<p>For each integer <tt>N</tt>, we're going to calculate the value of <tt>F(N)=2*A*2<sup>-N</sup>+2<sup>-2N</sup></tt>, and we'll make a note of whether or not it's greater than <tt>R</tt>. If it's too big, we'll just skip it. If it's not too big, we'll subtract <tt>F(N)</tt> from <tt>R</tt> and add <tt>2<sup>-N</sup> to <tt>A</tt>.</tt></p>…Axiom of Continuum (idea)http://everything2.com/user/Gorgonzola/writeups/Axiom+of+ContinuumGorgonzolahttp://everything2.com/user/Gorgonzola2013-01-13T20:06:49Z2013-01-13T20:06:49Z<p>Before you get yourself too exercised here, be aware that there are two vastly different mathematical concepts that could take this moniker when given the status of a <a href="/title/axiom">basic assumption</a> of a <a href="/title/model">logical system</a>.</p>
<p>In the late 1800's, <a href="/title/Georg+Cantor">Cantor</a>'s theory of <a href="/title/transfinite">transfinite</a> <a href="/title/set">set</a>s ignited fierce controversy. The mathematicians supporting him tended to be younger and more flexible thinking, and those opposed tended towards being of the old guard. As a result, Cantor found it impossible to get a job more prestigious than a low-paying lecturer at the <a href="/title/Univerity+of+Halle">Univerity of Halle</a>. This frustrated Cantor to no end, and he became obsessed with proving one concept that he thought would vindicate his ideas, that the (infinite) <a href="/title/cardinality">cardinality</a> of the <a href="/title/real+numbers">real numbers</a> had the next higher (infinite) cardinality from the integers.</p>
<p>This became known as the <a href="/title/Continuum+Hypothesis">Continuum Hypothesis</a>. As mathematicians are wont to do, the concept was eventually abandoned in favor of a broader, more general concept,…Suggestions for E2 (thing)http://everything2.com/user/Gorgonzola/writeups/Suggestions+for+E2Gorgonzolahttp://everything2.com/user/Gorgonzola2013-01-07T02:08:43Z2013-01-07T02:08:43Z<p>Reputation graph should have different time granularity options than just monthly, and a different viewing window than just the last 6 years. When a writeup has been around a long time, the graph that's shown just doesn't provide any useful information.<p>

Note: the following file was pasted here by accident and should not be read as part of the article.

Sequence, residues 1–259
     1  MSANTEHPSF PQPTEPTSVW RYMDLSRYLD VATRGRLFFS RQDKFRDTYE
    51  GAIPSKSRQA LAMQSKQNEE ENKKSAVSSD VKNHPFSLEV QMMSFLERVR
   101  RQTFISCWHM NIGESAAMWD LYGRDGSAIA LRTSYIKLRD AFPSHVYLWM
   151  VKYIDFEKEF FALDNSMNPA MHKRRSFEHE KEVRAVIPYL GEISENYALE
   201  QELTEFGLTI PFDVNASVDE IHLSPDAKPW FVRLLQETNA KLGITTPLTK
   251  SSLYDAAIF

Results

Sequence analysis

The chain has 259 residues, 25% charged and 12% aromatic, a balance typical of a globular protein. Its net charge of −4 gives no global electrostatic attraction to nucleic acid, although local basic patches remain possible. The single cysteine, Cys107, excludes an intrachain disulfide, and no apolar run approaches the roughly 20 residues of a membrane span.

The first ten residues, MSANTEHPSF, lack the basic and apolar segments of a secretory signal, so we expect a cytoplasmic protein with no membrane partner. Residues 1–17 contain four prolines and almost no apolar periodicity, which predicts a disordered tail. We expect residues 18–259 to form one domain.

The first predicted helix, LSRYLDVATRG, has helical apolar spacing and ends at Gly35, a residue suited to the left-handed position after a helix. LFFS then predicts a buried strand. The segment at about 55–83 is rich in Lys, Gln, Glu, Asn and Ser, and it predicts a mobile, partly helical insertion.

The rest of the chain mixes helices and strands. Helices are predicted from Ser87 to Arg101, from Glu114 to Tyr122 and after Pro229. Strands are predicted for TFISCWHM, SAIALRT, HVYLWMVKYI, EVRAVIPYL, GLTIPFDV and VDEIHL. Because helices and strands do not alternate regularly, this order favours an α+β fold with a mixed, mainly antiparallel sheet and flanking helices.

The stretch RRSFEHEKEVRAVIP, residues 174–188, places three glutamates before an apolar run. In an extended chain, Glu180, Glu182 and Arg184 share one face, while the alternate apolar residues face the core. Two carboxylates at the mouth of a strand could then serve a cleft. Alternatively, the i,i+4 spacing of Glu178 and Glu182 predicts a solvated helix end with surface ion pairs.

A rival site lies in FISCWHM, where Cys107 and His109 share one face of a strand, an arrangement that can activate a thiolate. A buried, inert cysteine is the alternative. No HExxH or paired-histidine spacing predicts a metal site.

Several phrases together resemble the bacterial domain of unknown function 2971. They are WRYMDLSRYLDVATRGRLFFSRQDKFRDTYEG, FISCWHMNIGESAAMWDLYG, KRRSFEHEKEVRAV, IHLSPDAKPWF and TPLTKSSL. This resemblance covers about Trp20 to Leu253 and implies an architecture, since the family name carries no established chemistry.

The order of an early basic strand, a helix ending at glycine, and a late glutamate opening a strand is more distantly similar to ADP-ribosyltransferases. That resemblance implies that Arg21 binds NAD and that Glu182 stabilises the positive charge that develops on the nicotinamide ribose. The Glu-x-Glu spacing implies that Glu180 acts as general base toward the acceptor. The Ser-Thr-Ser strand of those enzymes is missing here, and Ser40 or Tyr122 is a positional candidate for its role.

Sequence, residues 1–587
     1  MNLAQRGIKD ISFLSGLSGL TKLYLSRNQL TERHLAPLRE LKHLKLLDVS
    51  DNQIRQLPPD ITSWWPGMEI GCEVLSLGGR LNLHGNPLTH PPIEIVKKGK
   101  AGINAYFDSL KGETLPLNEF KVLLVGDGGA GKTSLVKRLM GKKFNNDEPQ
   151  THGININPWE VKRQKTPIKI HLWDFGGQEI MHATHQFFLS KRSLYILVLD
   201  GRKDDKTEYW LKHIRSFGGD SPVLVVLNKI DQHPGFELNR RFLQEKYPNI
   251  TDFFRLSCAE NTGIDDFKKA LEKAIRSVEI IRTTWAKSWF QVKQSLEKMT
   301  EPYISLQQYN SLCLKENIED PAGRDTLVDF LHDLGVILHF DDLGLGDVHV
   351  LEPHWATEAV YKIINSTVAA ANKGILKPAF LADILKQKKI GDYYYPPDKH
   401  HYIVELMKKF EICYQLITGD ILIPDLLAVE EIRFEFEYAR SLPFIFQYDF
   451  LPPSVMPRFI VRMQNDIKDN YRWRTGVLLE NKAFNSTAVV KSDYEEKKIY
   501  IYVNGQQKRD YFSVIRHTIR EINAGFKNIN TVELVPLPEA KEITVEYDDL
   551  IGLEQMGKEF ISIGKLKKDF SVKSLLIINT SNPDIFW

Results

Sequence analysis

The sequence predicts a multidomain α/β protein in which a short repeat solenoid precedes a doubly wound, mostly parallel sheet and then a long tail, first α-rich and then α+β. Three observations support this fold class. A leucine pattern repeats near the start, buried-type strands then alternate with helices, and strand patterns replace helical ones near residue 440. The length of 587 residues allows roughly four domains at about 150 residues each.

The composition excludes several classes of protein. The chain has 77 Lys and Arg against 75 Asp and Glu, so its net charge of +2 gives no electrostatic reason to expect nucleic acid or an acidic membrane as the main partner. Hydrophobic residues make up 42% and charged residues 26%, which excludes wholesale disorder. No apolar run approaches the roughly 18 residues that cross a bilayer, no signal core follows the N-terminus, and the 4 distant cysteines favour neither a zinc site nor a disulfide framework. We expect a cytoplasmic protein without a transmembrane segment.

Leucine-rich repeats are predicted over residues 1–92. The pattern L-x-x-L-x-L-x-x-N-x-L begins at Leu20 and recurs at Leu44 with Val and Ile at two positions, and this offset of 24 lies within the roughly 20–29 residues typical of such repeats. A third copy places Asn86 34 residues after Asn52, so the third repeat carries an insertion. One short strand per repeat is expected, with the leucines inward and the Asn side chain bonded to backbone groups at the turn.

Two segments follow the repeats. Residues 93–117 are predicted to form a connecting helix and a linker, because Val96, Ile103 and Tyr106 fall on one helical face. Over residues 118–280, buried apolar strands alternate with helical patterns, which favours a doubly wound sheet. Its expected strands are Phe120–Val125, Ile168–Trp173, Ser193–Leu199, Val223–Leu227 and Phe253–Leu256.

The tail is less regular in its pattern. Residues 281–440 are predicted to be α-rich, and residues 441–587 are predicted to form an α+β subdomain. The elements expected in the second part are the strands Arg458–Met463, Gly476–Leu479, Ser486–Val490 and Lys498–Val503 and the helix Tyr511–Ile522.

<p><a href="/title/My+Big+Writeup+List">My Big Writeup List</a> should be in <a href="/title/E2+Tools+and+Toys">E2 Tools and Toys</a>.</p>iron poisoning (event)http://everything2.com/user/Gorgonzola/writeups/iron+poisoningGorgonzolahttp://everything2.com/user/Gorgonzola2013-01-06T21:24:45Z2013-01-06T21:24:45Z<h2><a href="/title/RUST+NEVER+SLEEPS">RUST NEVER SLEEPS</a></h2>
<p><i>Iron poisoning</i> refers to the tendency of <a href="/title/iron">iron</a>-based <a href="/title/fastener">fastener</a>s to slowly destroy the materials they are fastening, as the fasteners corrode.</p>
<p>During the surface corrosion of some <a href="/title/metal">metal</a>s, such as <a href="/title/aluminum">aluminum</a> or <a href="/title/zinc">zinc</a>, the <a href="/title/oxide">oxide</a>s form a protective layer around the <a href="/title/substrate">metal beneath the surface</a>, preventing water penetration and delaying further corrosion.</p>
<p>Not so iron. The principal <a href="/title/oxides+of+iron">oxide of iron</a> in contact with water, <a href="/title/rust">Fe<sub>2</sub>O<sub>3</sub></a>, forms <a href="/title/cubic">cubic</a> <a href="/title/crystal">crystal</a>s that break away from the metal and allow water to penetrate. What's worse, rust crystals are less dense than the metal itself and so the rust comes to occupy more and more space.</p>
<p>This is less of a problem for the outer surfaces of an iron or steel object than it is for a <a href="/title/nail">nail</a> or a <a href="/title/screw">screw</a>. The surfaces can easily be protected by <a href="/title/paint">paint</a> or <a href="/title/electroplating">electroplating</a>, and what crystals do form expand into the coating or the open air, and the surface can…